The Christian Science Monitor provides some interesting ideas:
The pope's visit will cost an estimated 50 million euros ($72 million), according to organizers, and involves closing off much of downtown Madrid. Private companies will contribute a large portion of the money for the event, but Spain will also have to cover many of the expenses. An exact breakdown of the overall economic effect is still unknown. ...

Officials in Madrid say the pope's visit, which was planned long before the current economic crisis, could generate as much as 150 million euros ($215 million) in revenues from tourists.
Ah! So it is pandering, but of a different sort -- pandering to the business community. This is the same sort of logic that drives cities to bankrupt themselves pursuing the Olympic Games, or to spend public money on a stadium in which wealthy owners can pay wealthy athletes to chase balls like school children.

Mind you, we have grave doubts about this strategy. Why? Because it doesn't work:

Owners of teams in the "big four" sports leagues — the NFL, MLB, NBA and NHL — have reaped nearly $20 billion in taxpayer subsidies for new homes since 1990. And for just as long, fans, urban planners and economists have argued that building facilities for private sports teams is a massive waste of public money. As University of Chicago economist Allen Sanderson memorably put it, "If you want to inject money into the local economy, it would be better to drop it from a helicopter than invest it in a new ballpark."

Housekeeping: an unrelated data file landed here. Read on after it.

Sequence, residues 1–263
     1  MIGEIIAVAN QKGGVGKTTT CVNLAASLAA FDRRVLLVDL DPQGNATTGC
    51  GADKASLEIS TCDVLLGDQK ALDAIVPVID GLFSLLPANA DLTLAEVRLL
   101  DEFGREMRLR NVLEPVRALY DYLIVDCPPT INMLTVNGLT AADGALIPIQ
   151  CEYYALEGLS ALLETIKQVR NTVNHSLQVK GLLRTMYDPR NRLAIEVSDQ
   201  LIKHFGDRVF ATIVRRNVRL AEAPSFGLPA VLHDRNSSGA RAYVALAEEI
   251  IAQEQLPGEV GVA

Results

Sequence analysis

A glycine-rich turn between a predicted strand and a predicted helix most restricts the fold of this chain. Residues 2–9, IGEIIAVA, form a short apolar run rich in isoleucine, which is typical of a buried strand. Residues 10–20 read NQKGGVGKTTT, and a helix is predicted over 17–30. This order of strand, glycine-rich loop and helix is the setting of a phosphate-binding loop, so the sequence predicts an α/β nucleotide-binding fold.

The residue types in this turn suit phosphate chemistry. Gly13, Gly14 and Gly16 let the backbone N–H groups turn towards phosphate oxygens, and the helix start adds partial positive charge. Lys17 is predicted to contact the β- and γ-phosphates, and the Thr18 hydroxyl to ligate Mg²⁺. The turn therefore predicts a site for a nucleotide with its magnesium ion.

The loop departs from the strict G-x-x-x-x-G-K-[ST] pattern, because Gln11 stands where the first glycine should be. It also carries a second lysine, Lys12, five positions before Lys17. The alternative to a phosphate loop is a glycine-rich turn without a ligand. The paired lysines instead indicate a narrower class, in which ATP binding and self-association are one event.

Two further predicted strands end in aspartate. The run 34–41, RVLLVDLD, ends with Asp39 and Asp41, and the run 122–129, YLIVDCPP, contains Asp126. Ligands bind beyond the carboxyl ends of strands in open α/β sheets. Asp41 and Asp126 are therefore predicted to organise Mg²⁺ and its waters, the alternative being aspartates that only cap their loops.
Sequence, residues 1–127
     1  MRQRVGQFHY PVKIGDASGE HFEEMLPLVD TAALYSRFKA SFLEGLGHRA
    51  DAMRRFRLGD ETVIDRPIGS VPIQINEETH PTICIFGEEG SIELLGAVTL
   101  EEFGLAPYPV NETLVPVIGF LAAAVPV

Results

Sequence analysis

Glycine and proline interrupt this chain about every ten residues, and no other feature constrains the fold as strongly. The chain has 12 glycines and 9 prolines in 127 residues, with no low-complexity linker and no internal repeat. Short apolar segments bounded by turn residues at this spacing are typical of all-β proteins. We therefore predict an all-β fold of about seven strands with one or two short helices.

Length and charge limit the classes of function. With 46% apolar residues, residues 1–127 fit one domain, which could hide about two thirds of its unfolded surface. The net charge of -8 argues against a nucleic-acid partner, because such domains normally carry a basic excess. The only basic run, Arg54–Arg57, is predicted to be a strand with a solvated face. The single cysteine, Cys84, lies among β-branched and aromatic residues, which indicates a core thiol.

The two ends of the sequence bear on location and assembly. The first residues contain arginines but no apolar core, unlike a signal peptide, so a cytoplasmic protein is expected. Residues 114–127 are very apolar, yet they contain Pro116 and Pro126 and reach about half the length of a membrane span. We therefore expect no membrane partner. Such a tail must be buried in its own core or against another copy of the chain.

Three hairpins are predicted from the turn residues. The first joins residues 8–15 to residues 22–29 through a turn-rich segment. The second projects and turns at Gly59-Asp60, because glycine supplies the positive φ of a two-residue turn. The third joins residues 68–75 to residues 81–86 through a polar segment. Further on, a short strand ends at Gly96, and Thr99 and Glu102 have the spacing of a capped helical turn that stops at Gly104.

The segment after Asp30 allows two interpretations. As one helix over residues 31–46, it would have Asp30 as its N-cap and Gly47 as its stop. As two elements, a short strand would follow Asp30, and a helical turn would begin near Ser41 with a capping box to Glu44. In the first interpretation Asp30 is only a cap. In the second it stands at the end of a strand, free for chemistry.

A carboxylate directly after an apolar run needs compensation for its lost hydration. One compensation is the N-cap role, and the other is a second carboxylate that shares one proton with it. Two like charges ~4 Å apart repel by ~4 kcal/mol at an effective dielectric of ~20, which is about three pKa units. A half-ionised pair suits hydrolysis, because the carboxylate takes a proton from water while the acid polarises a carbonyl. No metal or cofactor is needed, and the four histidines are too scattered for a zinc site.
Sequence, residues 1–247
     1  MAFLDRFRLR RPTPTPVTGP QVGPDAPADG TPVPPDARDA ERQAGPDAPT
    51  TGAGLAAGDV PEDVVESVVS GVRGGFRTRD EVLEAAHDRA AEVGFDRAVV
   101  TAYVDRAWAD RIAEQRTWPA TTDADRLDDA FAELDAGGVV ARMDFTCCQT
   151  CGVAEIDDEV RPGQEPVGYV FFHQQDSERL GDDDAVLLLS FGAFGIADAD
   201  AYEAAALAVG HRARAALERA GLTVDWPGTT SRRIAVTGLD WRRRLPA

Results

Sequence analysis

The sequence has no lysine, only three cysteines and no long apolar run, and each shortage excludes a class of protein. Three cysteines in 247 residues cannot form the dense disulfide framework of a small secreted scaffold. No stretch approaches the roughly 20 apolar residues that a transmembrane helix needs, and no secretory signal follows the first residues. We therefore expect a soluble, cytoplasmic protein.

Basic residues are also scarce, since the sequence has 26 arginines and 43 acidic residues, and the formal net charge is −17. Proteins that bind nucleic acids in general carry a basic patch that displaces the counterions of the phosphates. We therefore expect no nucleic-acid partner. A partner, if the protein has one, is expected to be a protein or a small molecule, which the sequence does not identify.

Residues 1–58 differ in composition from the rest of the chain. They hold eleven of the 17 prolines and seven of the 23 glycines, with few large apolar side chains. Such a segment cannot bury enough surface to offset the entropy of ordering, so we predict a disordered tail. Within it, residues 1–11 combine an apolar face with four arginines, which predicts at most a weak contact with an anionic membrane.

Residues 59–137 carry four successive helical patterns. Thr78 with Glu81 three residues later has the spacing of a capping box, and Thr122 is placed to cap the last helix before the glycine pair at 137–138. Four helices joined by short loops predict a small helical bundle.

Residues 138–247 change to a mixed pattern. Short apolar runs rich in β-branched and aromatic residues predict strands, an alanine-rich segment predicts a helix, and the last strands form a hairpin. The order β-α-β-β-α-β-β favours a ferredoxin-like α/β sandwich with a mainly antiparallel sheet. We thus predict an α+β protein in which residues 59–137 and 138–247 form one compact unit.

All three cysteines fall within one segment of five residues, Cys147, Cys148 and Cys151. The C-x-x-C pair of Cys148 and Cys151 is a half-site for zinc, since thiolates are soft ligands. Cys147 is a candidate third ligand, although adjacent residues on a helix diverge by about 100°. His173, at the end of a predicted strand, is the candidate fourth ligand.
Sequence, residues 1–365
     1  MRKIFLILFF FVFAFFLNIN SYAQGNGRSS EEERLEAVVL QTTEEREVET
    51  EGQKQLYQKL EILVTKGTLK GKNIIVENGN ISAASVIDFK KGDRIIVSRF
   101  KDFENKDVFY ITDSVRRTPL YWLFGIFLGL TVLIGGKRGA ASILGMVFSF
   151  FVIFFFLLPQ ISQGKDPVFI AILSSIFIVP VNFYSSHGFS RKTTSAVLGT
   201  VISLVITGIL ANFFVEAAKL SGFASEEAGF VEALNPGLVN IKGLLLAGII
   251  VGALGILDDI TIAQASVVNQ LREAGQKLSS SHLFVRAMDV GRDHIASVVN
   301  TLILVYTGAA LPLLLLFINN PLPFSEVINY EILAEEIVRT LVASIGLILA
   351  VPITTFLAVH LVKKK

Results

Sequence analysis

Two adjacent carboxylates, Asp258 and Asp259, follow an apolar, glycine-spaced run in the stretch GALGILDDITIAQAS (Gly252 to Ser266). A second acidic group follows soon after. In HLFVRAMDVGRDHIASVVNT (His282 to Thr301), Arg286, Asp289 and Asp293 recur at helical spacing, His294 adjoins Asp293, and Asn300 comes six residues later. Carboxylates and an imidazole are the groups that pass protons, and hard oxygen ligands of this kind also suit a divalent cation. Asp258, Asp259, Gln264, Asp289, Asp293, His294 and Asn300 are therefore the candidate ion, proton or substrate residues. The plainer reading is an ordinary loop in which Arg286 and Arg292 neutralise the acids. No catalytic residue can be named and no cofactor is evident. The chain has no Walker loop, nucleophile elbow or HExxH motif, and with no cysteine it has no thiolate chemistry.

Of particular interest to Madrilenos may be this part:
In one study of six Super Bowls, University of South Florida economist Phil Porter found "no measurable impact on spending," which he attributed to the "crowding out" effect of nonfootball tourists steering clear of town during game week.
Perhaps they shouldn't have invited him during tourist season.

On the other hand, WYD is reported to have drawn something like 1.5 million people, most of whom must have stayed in hotels, eaten in restaurants, shopped in stores. That is vastly more than the number of people who attend most sporting events. So maybe, this once, the theory will work.

In any case, it isn't the Pope's fault if it doesn't. He is just doing his job, and it is a job which we are ever-more convinced he does quite well. Despite our confessional position that the claims of the papacy to ius divino are inherently opposed to the Gospel -- ahem, the Pope is Antichrist -- we have to say that the protesters are giving the poor guy a an unnecessarily hard time. Worse, they are giving a hard time to the million-plus young people who turned out to sing, pray and look for meaning in their lives.